“Jim has everything within himself to succeed at UTMB. The problem right now is that he’s so good that his comfort zone is way too fast for UTMB. Yes, Jim can run 10 to 15 hours at unmatched speeds, but his energetic cost when the terrain forces him to slow down is too high. That’s why he regularly has issues after a good 15 hours of running. Jim Walmsley needs to be more of a diesel. He can win UTMB…but in 2023.”
GILLES BERTRAND – Race organizer of the oldest French ultra-trail, Festival des Templiers, journalist, critic and historian of the sport:
“American males’ athletic morphotypes allow them to win faster ultras, like Western States. Sage Canaday’s marathon PR is 2:16. Tim Tollefson is 2:18. Jim runs 26.2 miles in 2:15 and the 100k in 6:09. Those are world-class speeds. But no one can perform at Western States, especially on a hot year, and then come to Chamonix expecting another performance or a win. There are no miracles in ultrarunning. Western States starts early in the morning and ends before sunset, at least for the elite runners. In Chamonix, UTMB starts in the evening and immediately plunges you into the night, with potential cold and rainy conditions. I’m not sure what Walmsley can do to win this year, but I know why he didn’t [sic] so far.”
SÉBASTIEN CHAIGNEAU – UTMB second place and third place, one Hardrock win:
“Walmsley looks too much like a Kenyan. He’s tall and thin; he doesn’t have the muscles in the legs for a win right now. Those descents at UTMB are brutal. Also, the rain, the cold and the night don’t matter for European alpine runners. A UTMB win requires rusticity. Jim must hurt more than others with his thin silhouette when it’s cold, making it harder for him. Finally, Jim would benefit from resisting the exciting environment, this ongoing party that UTMB is for most runners. He doesn’t need to run ahead of everybody right away like he always does. In 2009, when I finished second in Chamonix behind Kilian, I passed St-Gervais (mile 13) in 32nd place. Then I leave Courmayeur at mile 48 in 12th place! Jim: no more craziness and fireworks from the start this year. That’s my advice.”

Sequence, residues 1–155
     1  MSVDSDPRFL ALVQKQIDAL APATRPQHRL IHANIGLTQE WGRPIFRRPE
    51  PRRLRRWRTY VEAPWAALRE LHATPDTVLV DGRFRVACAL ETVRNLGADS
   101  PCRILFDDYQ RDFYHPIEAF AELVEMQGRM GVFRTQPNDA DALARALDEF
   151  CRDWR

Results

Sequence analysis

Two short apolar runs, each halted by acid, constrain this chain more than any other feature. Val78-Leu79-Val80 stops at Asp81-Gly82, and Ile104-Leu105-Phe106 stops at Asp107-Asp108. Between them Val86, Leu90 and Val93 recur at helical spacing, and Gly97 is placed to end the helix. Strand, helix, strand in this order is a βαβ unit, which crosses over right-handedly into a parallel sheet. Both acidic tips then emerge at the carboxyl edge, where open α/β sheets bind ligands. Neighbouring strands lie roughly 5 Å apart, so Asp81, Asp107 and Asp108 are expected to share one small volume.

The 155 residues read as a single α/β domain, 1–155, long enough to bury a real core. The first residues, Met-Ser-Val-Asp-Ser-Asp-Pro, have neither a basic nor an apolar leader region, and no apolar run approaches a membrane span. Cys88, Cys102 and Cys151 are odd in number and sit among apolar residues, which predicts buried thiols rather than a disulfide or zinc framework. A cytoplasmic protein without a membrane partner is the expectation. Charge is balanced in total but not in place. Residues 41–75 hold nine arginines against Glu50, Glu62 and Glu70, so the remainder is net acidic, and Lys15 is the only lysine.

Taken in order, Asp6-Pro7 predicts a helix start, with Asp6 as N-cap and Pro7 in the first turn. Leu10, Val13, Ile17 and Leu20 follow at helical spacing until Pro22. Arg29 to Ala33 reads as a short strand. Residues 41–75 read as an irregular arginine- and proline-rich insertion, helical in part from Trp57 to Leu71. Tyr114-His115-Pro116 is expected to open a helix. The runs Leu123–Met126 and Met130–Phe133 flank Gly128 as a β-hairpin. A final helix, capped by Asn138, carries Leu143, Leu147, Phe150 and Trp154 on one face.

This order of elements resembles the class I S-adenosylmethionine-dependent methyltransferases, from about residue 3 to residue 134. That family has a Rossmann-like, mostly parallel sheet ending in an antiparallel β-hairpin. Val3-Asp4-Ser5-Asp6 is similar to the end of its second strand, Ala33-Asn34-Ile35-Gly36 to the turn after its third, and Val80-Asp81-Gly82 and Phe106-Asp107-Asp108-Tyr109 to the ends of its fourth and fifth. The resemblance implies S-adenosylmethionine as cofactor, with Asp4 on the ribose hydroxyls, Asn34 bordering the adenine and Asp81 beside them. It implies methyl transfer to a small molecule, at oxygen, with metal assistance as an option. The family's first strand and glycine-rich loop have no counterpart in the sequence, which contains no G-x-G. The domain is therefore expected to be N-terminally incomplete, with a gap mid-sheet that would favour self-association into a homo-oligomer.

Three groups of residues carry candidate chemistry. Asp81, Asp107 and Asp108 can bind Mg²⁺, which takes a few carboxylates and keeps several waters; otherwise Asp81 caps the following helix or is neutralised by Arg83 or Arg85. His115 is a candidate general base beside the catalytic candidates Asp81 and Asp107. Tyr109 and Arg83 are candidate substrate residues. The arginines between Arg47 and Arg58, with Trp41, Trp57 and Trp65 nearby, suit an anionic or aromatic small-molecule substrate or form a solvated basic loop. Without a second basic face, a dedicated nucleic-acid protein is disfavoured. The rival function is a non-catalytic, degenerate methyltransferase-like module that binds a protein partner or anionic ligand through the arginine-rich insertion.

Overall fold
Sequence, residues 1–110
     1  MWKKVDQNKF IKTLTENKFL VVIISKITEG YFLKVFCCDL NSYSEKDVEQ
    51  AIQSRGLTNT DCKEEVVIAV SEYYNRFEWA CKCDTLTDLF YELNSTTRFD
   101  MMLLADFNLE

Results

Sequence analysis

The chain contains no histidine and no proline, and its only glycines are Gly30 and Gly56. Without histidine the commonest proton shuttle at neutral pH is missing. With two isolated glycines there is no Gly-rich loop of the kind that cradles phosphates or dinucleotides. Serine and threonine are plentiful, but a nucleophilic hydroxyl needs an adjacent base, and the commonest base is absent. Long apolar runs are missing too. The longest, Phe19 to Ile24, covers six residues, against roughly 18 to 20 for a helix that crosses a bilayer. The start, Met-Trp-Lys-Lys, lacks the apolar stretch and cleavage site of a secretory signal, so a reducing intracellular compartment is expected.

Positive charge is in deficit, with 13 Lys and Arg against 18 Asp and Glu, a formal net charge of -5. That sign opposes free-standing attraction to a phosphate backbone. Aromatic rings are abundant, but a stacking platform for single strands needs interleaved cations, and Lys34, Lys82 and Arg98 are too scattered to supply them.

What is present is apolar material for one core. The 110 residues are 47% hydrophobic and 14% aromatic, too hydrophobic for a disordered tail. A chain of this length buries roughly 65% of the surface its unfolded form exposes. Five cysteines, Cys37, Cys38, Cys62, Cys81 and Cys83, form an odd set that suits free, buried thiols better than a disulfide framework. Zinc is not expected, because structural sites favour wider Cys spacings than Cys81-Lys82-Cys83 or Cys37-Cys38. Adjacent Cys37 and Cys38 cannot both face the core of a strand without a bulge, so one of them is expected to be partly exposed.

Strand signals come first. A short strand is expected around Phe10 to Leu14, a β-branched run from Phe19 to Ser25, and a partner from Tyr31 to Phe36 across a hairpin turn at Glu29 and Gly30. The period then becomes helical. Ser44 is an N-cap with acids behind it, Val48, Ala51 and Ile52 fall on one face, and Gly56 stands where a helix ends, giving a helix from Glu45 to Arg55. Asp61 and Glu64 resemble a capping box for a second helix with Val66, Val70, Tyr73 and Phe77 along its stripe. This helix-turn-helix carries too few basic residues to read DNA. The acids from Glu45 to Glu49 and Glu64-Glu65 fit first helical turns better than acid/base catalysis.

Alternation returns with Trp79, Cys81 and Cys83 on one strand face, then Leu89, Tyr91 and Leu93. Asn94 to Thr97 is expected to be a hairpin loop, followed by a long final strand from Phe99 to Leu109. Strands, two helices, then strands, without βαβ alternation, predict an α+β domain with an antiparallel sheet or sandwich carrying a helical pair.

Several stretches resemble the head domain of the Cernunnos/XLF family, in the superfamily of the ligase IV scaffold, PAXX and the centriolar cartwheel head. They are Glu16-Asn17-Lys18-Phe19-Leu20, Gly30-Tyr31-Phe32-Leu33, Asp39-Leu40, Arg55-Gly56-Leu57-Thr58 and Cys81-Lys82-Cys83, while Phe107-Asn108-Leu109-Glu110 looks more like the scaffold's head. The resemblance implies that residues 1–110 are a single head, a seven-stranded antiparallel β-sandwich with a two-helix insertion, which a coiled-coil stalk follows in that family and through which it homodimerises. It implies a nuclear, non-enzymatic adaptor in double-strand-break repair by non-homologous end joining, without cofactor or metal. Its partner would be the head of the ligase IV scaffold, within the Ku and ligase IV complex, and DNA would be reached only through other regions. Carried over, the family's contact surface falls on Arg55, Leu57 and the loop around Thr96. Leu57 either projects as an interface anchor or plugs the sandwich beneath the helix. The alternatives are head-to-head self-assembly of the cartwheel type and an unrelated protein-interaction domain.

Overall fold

FRANÇOIS D’HAENE – Four UTMB wins, one Hardrock win:
“Until now, all the American males who came to race UTMB were not ready. It’s a motivation issue for them. You can’t do that many events in a year, abroad, and then travel across the Atlantic and hope to win UTMB. It does not work that way. Focusing on the win and only the win is not the right method. It’s a mentality issue. Last year, winning Hardrock and UTMB within a month took me three years of training. That’s three years of focus. I love Jim, he lives close to me now and we’ve been talking. I’m happy to help some more. He’s finally doing something that other Americans have never done before. He’s smart and gets it now, but he still has some learning to do. Unfortunately, this year, Kilian Jornet is back and he’s coming with extreme confidence and an amazing shape.”